In Asia, Japan and Singapore were early movers in regulating cryptocurrencies. Japan requires exchanges and custodians of digital assets to register and restricts the tokens which can be traded on these platforms. In 2016 the Payment Services Act was amended to incorporate new regulations relating to cryptocurrency exchange businesses. Further amendments were made in 2020 to regulate, for the first time, crypto-asset related derivatives businesses to bolster protections for investors. Crypto-asset operators are also regulated by the Financial Instruments and Exchange Act and must be registered to engage in derivatives businesses.
The Singapore Payment Services Act 2019 (the PSA) which came into force in 2020, regulates both traditional payments businesses and digital payment token services. Amendments introduced in January 2021, but yet to come into force, will extend the licence requirements under the PSA to the provision of transfer (remittance) services and custodial services in relation to digital payment tokens. The first licences under the PSA to digital payment token services were granted in October 2021.
Other Asian jurisdictions have adopted a more cautious approach or sought to ban cryptocurrency trading entirely. In Korea, the Financial Services Commission formed in September 2021, an independent bureau to supervise virtual asset transactions. Further, enhanced anti-money laundering measures which came into force on 24 September resulted in the closure of a number of Korean exchanges. A partial amendment to the Income Tax Act will tax gains on cryptocurrency trading starting in 2023.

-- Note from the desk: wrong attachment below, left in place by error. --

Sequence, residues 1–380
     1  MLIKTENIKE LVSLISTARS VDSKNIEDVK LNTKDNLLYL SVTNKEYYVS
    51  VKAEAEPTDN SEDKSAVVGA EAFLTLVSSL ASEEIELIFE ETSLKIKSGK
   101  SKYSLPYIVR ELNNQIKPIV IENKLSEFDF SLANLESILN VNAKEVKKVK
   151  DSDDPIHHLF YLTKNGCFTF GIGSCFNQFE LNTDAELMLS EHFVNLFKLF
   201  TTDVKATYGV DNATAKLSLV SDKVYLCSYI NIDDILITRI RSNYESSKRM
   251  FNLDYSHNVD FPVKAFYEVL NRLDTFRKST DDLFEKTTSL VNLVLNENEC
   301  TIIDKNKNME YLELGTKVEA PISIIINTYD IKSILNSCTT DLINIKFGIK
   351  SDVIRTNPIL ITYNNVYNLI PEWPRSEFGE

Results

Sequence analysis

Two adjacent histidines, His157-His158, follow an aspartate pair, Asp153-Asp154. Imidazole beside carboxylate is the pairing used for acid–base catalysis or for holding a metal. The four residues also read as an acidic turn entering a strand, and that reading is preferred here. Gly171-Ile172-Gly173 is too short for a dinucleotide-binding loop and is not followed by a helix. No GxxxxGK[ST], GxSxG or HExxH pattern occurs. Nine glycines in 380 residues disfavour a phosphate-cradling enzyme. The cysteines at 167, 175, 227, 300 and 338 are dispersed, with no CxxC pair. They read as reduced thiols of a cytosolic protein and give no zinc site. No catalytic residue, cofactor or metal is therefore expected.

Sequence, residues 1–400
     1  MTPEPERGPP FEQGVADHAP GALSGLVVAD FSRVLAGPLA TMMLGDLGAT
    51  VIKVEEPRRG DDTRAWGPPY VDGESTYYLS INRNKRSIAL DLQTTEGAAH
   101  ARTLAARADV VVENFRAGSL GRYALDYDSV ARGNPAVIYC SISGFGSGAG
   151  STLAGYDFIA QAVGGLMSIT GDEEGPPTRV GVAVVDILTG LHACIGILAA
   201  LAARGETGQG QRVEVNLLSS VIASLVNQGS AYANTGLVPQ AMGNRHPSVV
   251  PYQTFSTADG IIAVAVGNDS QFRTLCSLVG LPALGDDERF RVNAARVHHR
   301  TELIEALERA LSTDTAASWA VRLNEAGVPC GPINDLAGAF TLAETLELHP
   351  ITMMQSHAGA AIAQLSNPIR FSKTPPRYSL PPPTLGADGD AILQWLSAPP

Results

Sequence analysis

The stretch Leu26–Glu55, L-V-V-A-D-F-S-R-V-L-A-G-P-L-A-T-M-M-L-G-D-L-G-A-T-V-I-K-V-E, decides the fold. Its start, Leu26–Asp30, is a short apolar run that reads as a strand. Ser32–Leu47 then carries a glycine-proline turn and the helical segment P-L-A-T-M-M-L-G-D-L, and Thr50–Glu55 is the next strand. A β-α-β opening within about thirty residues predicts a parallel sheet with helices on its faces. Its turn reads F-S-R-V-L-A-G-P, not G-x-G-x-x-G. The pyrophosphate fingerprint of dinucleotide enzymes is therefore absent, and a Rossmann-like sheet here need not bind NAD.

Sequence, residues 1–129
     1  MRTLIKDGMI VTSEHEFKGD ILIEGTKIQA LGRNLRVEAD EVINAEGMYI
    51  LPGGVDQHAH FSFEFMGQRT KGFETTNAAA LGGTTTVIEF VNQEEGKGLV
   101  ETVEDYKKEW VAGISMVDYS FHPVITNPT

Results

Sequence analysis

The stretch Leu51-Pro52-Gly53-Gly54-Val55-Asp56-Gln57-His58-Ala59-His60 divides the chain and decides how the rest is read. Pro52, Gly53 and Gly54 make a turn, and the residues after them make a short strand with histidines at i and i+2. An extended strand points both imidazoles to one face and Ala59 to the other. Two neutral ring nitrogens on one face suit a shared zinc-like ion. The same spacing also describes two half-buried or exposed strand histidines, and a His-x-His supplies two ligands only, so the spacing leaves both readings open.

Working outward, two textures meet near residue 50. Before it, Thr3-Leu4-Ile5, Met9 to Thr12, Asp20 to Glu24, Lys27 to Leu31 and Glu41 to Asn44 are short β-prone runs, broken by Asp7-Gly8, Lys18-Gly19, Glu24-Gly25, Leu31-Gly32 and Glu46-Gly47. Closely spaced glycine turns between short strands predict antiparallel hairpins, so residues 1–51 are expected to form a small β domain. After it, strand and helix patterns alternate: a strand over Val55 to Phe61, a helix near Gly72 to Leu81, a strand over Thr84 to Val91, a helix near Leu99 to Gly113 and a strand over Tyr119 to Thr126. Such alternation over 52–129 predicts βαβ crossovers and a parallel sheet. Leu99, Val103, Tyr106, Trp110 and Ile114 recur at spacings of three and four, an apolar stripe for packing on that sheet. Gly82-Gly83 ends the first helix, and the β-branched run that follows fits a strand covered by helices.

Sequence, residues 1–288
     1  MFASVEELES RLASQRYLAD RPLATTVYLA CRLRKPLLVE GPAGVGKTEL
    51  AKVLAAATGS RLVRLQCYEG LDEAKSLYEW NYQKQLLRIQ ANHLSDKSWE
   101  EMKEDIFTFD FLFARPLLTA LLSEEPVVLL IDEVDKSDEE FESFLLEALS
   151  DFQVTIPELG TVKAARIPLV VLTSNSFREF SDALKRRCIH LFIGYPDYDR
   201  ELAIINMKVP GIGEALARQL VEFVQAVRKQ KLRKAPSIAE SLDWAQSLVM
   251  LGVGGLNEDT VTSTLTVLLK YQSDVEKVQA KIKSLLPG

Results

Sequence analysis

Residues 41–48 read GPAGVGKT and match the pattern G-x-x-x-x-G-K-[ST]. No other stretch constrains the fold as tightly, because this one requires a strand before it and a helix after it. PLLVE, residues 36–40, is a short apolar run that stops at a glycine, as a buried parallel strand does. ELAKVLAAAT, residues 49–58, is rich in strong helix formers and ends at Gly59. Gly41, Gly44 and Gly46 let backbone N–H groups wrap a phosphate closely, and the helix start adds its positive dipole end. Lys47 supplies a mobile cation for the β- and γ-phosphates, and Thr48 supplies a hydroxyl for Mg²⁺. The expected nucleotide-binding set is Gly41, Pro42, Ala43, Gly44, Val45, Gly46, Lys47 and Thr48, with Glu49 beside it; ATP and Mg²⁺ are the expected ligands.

On 24 September 2021, ten government bodies, including the People’s Bank of China, jointly published a notice reiterating a ban on the use of cryptocurrencies in Mainland China and deeming cryptocurrency business activities illegal. The notice explicitly extends to overseas platforms servicing Chinese customers. Meanwhile, the Hong Kong government has announced plans to license VASPs and limit the sale of cryptocurrencies to professional investors. Draft legislation is expected to be introduced in the next Legislative Council session.
In the United States, an infrastructure bill signed into law in November includes onerous transaction reporting requirements for brokers facilitating digital asset transfers and other businesses which receive cryptocurrencies. Importantly, the legislation defines “broker” quite broadly, leading cryptocurrency advocates to be concerned that it will impose reporting requirements on individuals and entities (such as miners and hardware developers) that are not actually brokers, who will be unable to comply with the law. The legislation also expands a section of the US tax code by requiring businesses and exchanges to file a report with the Internal Revenue Service stating the name and social security number of any individual who pays or sends them more than US$10,000 in cryptocurrency.
In 2021, the SEC and CFTC have also been active in targeting unlicensed or fraudulent activity relating to cryptocurrencies. SEC v. Ripple Labs Inc, No. 20-cv-10832 (S.D.N.Y. 2020) - a pending case that could create significant precedent regarding whether certain tokens constitute securities (and must be regulated as such) - is expected to continue into 2022. The SEC Chair has described cryptocurrency markets as the “Wild West” and we expect further action by US regulators in 2022. Nevertheless, cryptocurrencies continue to soar in popularity in the US, and the first SEC approved bitcoin futures-based ETFs began trading in October 2021.
In September 2020, the European Commission published a wide ranging proposal covering the regulation of utility and payment tokens and stablecoins (the Markets in Cryptoassets Regulation or MiCA). The regulation would impose new obligations on token issuers and subject some stablecoins to approval by regulators. The regulation would impose many of the compliance obligations which apply to regulated financial institutions on cryptocurrency exchanges. It also includes prohibitions on insider dealing and market abuse. MiCA continues to work its way through the European legislative process.